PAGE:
Now I see him as a man who didn't know what to do. Didn't know how to be. Didn't have the tools to maintain healthy relationships. Didn't have the tools to understand himself or handle the suffering he inherited from his parents. He wasn't able to maintain relationships with his siblings. He wasn't able to maintain relationships with his sons.

It has to be incredibly difficult to live like that. Hard life. Pain, pain, pain. Very sad.

I still sometimes feel residual guilt that 8-year old me wasn't aware enough and I didn't have the granularity of perception to handle the situations better. I was just another person in his life who didn't want anything to do with him. I directly contributed to his suffering due to my own lack of consciousness.

It took more than 20 years of distance from the events before I was able to find it in me to forgive him.

The day I forgave him was kind of a fortuitous circumstance. We were not in communication with each other at all at the time and he didn't arrange it and I didn't arrange it. I'm extremely grateful to the universe for allowing that meeting to happen.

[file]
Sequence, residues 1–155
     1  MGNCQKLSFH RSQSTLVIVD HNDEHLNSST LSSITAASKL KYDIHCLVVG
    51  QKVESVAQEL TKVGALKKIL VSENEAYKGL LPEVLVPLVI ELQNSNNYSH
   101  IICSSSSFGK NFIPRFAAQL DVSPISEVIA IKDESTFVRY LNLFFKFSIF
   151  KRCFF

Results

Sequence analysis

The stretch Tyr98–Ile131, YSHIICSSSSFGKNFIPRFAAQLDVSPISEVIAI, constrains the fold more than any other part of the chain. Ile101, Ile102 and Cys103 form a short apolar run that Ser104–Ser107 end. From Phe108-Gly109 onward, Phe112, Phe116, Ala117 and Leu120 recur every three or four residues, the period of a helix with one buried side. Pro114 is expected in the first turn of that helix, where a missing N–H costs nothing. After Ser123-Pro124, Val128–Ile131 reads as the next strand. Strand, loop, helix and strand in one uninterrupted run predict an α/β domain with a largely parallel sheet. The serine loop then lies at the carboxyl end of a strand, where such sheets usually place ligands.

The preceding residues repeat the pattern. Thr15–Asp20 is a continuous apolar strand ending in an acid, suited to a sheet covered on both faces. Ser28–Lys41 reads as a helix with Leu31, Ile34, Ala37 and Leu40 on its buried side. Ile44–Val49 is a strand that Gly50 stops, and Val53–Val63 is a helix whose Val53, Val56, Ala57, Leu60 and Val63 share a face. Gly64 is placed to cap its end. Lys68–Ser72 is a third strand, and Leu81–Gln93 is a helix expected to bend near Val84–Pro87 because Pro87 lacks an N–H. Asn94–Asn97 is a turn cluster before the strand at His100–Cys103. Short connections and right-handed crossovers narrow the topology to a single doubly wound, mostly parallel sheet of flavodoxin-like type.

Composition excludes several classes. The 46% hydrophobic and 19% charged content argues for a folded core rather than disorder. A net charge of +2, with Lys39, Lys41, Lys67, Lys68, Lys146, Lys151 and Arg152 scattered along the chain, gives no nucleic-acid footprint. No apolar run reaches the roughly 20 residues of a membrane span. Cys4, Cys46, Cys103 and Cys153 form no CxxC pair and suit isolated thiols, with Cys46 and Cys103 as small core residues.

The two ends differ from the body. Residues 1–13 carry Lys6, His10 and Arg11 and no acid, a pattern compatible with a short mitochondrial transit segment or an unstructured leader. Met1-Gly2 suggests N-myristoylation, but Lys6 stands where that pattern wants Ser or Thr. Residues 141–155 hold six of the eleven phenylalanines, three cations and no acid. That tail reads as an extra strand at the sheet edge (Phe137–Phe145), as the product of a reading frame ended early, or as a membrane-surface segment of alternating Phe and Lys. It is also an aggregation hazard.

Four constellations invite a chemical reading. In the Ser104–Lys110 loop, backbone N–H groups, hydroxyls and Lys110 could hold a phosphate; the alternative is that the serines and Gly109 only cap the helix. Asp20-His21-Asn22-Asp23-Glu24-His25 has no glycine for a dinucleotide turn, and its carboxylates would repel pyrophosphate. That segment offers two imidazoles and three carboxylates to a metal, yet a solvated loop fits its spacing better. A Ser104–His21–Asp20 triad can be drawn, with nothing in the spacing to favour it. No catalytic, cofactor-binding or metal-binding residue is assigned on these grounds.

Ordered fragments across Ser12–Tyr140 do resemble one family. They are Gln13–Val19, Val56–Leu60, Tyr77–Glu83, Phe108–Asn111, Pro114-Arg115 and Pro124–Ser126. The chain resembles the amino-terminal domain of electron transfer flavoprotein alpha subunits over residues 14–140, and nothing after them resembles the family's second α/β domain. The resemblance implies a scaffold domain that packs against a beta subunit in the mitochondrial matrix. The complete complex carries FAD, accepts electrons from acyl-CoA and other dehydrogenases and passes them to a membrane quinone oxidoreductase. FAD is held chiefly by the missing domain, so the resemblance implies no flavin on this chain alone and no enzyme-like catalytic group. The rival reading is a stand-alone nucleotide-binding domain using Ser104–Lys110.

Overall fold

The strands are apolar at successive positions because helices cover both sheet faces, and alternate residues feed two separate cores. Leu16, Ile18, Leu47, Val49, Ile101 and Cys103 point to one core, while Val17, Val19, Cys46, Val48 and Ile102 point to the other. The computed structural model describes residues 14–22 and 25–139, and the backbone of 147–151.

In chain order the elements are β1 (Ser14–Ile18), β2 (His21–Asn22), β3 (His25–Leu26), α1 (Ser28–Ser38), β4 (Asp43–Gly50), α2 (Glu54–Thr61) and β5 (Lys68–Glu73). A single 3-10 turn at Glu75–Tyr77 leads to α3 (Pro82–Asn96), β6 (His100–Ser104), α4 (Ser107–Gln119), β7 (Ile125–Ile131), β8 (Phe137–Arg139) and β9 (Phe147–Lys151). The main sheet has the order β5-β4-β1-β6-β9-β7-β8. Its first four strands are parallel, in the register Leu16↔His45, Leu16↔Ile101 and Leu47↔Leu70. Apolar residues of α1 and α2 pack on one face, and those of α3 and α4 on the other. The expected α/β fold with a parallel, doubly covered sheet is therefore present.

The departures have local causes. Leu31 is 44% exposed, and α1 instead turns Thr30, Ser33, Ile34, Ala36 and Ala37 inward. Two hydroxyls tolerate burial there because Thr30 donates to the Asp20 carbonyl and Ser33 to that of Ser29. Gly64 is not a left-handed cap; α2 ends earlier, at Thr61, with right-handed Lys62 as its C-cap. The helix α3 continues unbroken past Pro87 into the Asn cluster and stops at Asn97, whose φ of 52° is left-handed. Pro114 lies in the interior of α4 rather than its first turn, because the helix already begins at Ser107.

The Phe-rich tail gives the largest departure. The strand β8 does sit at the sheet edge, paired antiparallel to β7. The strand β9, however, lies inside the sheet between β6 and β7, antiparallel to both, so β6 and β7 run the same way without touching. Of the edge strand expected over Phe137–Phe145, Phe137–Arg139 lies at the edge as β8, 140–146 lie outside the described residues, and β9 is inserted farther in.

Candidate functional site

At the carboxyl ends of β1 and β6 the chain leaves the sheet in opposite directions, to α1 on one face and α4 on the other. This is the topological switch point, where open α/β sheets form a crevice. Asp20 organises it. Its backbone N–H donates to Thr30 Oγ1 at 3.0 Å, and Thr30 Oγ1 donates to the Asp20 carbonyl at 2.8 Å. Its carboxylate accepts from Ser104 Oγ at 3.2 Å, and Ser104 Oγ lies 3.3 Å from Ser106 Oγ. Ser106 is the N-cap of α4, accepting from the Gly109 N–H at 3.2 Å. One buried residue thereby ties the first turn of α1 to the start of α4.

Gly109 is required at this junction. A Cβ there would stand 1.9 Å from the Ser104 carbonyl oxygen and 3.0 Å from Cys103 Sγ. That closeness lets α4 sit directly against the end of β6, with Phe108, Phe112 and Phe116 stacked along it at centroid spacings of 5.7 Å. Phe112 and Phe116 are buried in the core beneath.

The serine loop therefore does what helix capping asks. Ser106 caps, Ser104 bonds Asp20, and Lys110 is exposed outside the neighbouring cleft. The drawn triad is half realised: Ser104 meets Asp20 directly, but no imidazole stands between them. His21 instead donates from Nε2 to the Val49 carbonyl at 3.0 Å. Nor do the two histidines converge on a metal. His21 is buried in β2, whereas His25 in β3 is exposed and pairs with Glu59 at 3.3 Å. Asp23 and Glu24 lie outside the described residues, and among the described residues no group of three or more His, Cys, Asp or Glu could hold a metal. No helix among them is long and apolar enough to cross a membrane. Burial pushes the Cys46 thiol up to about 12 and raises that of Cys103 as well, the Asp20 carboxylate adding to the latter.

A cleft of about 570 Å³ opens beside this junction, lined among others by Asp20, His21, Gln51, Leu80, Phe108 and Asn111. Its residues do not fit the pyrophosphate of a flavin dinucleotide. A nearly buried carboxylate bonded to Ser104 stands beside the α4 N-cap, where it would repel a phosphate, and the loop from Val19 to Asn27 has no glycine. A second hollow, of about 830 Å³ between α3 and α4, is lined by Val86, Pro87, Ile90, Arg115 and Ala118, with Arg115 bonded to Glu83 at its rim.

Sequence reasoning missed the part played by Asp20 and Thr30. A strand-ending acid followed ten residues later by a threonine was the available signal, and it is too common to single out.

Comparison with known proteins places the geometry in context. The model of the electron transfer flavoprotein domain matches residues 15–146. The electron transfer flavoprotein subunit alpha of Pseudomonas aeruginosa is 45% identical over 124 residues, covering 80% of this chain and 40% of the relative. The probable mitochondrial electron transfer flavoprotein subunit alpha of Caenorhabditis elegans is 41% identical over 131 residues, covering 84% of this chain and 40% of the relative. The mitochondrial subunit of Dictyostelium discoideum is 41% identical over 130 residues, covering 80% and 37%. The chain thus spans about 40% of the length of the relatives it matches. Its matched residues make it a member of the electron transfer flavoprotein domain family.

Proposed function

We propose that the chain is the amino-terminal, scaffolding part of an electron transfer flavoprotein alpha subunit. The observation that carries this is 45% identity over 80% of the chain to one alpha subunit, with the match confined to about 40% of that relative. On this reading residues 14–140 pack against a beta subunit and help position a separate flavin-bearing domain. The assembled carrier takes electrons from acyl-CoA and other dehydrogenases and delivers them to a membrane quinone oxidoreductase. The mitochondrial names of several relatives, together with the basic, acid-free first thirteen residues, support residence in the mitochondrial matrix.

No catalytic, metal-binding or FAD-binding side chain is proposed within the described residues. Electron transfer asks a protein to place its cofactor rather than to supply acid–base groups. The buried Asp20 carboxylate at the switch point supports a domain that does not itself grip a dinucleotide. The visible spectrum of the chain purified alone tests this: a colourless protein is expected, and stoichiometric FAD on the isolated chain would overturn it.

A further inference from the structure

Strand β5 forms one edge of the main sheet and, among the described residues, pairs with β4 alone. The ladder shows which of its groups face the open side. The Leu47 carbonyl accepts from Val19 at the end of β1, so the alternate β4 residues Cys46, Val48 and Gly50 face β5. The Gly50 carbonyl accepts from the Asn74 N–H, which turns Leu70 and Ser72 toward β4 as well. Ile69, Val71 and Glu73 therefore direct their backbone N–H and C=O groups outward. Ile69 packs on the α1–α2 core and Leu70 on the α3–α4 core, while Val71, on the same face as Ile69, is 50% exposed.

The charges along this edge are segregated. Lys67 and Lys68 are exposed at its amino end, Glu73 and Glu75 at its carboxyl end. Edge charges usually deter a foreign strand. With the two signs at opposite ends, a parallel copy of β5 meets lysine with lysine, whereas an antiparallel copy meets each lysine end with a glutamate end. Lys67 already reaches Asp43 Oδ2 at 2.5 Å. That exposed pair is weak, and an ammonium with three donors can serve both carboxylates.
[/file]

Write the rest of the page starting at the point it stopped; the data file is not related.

I didn't really know what forgiveness was until the day I forgave my alcoholic father. Something was reclaimed that day. I could not tell you what it was because I don't know what it was but when I came home from that meeting I wept and wept and some piece of my soul was reclaimed or reborn or became re-activated.

The day I forgave him was the day I became a father to my father.

When I search myself today I can find no ill will toward him. What developed out those horrific childhood experiences is a feeling of deep compassion and a seeing into the nature of life that is difficult to convey in words.

When there arose in me a spontaneous feeling of compassion for him there simultaneously arose in me compassion for vast swaths of humanity that my intuition now 'recognizes' as being of the same 'pattern' as him.

I've never been a Christian and I don't go to church but I cannot thank Jesus enough for indicating to me that there was something of great value in the act of forgiving someone.

If Jesus stood before me today I would not be able to bow my head low enough.